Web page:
Men Without a Country
In the aftermath of the election, thoughts on the meaning of patriotism
This bitter election has brought back to me a scattering of political anecdotes which illuminate our nation’s current moment.
One time, when I was about seven years old, my aunt and cousins visited for the July 4th weekend. She took all us kids out for ice cream, and as we piled into the car she turned the radio on. A few minutes later the station played “God Bless America,” and everyone sang along. I was baffled. When we got back home, I said, “Mommy, everyone sang ‘God Bless America’ in the car.” “What’s wrong with that?” my mom replied. I said, “How could they sing that? They’re Democrats!”
That reflected more on my own simplification of the partisan divide than anything my parents ever actually suggested about the opposite party. But the fact that I could have come to such an understanding of patriotism—back then, in the halcyon 1990s—indicates that we’ve been bitterly divided for the entire lifetime of a substantial portion of our population. This, at least as much as Jon Stewart, must account for the jaded and world-weary posture of much of America’s youth in regard to politics and civic affairs.
Another anecdote: sometimes I find myself humming the songs from the Armed Forces Medley, which, to my best recollection, I have only ever heard in entirety as the sign-off segment of many mid-aughts Mark Levin talk radio shows. That has stuck with me since my childhood.
I also remember the flag lapel wars from growing up watching the news. I ponder the meaning of the flag itself becoming a partisan signal. Is it simply evidence that the right has shamelessly appropriated the once-universal symbols of the nation and turned them into symbols of a particular political program? Or does it speak to a tendency on the left to view patriotism as hopelessly complicated and not necessarily celebratory? I suspect there is truth in both.
My last story: during my masters program in late 2015, as the infamous 2016 campaign was getting into high gear, I attended a GOP debate watch party at a professor’s house, with an audience of American students and a couple of Chinese international students. Ted Cruz, during his introduction, said “I am passionate about what I believe. I’ve been passionate my whole life about the Constitution.” As if on cue, the room erupted into mocking laughter. My Chinese classmate turned to me, confused, and asked why that was funny. I realized that I couldn’t explain it to her without delving into a history of America’s partisan divide. It was insufficient to tell her that loving the Constitution is self-evidently risible. It made me feel, in fact, that the opposite is the case, and that something in our civic life had gone off the rails if that needed to be explained.
But perhaps I was just feeling shallow, knee-jerk patriotism, a desire to say something good about my country when facing an international audience of one.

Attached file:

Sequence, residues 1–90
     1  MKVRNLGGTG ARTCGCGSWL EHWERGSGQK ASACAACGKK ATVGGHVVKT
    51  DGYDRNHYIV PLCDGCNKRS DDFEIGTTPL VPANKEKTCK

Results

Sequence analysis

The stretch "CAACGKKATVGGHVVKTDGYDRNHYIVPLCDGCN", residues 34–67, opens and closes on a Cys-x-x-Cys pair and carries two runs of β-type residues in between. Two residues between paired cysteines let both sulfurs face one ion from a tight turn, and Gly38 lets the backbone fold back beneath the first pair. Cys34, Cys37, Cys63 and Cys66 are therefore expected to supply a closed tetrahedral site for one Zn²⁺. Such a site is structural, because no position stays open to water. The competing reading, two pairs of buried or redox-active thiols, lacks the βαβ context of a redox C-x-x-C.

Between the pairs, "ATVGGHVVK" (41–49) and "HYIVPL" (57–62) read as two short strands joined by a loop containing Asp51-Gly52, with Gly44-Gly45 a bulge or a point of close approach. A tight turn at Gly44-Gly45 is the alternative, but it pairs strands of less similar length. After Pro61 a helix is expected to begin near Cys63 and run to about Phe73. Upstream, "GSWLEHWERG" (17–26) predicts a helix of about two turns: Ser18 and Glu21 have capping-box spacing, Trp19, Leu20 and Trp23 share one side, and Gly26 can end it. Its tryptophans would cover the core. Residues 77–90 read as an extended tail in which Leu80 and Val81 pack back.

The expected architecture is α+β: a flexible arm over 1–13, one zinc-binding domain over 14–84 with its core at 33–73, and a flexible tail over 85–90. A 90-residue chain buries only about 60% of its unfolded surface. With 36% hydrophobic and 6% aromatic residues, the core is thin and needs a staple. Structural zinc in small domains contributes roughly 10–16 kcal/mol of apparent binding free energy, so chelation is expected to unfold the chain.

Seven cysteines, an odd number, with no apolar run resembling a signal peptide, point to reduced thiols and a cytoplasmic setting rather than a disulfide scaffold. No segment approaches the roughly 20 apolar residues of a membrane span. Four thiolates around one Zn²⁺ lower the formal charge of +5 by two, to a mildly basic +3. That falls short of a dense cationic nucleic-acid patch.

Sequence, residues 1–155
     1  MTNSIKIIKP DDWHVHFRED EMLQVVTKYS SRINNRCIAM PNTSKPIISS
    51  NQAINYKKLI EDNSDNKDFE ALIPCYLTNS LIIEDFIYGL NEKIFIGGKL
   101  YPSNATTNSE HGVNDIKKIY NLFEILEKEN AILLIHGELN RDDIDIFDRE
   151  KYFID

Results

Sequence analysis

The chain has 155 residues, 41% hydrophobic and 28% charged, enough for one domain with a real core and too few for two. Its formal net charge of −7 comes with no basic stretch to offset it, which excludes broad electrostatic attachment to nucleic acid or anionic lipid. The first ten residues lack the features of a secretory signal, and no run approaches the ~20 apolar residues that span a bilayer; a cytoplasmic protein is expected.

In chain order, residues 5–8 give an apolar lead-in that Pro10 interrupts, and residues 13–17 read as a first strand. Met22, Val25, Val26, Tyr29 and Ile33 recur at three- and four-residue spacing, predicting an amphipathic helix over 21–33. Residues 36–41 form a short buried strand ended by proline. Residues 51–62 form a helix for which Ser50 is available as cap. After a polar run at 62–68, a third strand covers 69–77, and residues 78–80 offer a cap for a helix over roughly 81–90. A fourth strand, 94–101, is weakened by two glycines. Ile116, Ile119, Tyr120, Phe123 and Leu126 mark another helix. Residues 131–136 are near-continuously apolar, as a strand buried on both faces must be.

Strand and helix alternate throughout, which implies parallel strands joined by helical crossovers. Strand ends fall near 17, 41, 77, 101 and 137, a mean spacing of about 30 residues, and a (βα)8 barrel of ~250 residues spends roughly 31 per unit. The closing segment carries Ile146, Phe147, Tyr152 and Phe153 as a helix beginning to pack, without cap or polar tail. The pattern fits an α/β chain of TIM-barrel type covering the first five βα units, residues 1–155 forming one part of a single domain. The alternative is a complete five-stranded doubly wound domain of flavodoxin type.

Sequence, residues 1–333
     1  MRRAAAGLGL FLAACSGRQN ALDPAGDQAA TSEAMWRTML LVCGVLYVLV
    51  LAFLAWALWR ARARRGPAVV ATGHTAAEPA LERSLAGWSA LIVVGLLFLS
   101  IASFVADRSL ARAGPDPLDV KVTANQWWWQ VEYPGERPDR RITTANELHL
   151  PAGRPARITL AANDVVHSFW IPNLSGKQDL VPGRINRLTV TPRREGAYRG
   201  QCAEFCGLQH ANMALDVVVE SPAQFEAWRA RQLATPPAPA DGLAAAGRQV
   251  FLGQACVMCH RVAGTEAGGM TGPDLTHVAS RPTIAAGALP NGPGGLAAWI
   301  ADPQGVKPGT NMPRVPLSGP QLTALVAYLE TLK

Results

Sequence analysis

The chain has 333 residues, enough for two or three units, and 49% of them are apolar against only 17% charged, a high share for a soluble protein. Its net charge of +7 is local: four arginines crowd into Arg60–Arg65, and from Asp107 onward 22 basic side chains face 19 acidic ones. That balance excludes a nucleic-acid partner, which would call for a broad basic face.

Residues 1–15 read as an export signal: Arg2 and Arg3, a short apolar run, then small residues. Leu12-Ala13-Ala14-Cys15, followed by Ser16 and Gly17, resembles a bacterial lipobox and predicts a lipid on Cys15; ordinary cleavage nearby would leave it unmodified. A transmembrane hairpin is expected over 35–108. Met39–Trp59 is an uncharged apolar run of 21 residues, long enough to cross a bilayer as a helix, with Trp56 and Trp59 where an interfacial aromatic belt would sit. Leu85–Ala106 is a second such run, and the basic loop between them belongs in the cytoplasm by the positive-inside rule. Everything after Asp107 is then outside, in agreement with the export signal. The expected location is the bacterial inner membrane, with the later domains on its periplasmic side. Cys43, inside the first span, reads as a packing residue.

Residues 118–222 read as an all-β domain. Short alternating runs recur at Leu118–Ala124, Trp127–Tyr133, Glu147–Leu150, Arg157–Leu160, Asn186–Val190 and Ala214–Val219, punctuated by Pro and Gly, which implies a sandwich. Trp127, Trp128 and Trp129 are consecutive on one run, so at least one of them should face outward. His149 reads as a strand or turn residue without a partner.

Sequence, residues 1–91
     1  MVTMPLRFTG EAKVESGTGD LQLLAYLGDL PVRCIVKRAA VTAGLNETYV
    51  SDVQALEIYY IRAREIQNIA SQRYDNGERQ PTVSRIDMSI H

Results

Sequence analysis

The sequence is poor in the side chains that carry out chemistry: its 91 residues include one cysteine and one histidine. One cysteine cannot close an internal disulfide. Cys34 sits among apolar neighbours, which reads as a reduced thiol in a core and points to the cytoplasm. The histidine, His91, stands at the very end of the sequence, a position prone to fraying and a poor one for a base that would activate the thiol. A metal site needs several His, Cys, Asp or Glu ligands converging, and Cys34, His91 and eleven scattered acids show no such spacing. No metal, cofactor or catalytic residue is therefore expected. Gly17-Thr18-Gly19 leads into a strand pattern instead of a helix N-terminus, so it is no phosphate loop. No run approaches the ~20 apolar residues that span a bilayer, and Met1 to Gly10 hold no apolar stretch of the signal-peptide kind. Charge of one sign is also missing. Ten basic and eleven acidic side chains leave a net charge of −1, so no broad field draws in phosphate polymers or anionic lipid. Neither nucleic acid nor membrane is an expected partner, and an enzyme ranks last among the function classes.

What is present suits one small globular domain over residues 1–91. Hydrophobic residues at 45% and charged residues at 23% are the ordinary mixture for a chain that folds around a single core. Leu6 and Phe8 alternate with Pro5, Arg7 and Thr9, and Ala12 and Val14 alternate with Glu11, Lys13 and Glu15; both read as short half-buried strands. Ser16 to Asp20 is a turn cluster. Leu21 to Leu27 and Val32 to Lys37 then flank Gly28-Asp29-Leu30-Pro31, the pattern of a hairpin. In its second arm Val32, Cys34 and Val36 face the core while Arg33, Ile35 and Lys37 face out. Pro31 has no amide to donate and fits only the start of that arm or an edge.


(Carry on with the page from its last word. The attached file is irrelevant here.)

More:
In fact, today the trope that ostentatious patriotism is the province of the right has reversed. Many social and religious conservatives in particular, as well as critics of America’s expansive and imperialist foreign policy, no longer celebrate American exceptionalism, if they ever did. Some elements of the far right over the last decade have even pined for leaders on the order of those in Russia or China. It would not be impossible to find a Twitter personality welcoming Russian assistance in overthrowing the contemporary West’s secular globalism. This is far from representative, but it reveals something about the trajectory of current attitudes. At worst, it evinces that dreaded slide towards authoritarianism. At best, it could be the prelude to a less hubristic national self-understanding.
Folks like TAC’s own Rod Dreher, and many further to his right, particularly in the “Catholic integralist” sphere, seem to be asking themselves: if secularism, consumerism, and general depravity are American, what does it mean to be a patriot? “Shoring up the imperium”? Or realizing that Jesus and America are not moral equivalents? The sometime escape hatch—that America is an idea, that idea is godly, and the America that actually exists today is not the genuine article—is as heretical as it is absurd.
Nonetheless, many right-leaning self-professed patriots have slipped into a nationalist version of Catholic sedevacantism, clinging to the notion that America is a Platonic Form in the ether, a Form more real than the contemporary nation-state that occupies central North America, with all of its actual attributes that conservatives are not so keen on. Others seem to view themselves as men without a country. And still others, perhaps most on the mark, admit that even the Founding Fathers did not believe their experiment would endure forever. A country may have a character or a “personality,” but it does not have an immortal soul.
I was chatting with my Chinese classmate later that week—the same one who asked me about the Constitution—and somehow we got into the subject of America’s wars and public attitudes about service. “I hope there is never a war between us, but if there is, of course I would fight for my country,” she said. She probably thought, and would probably be correct, that any such war, at least in its outright military dimension, would be instigated by the United States. Nevertheless, I wondered how many Americans would—or should—say the same?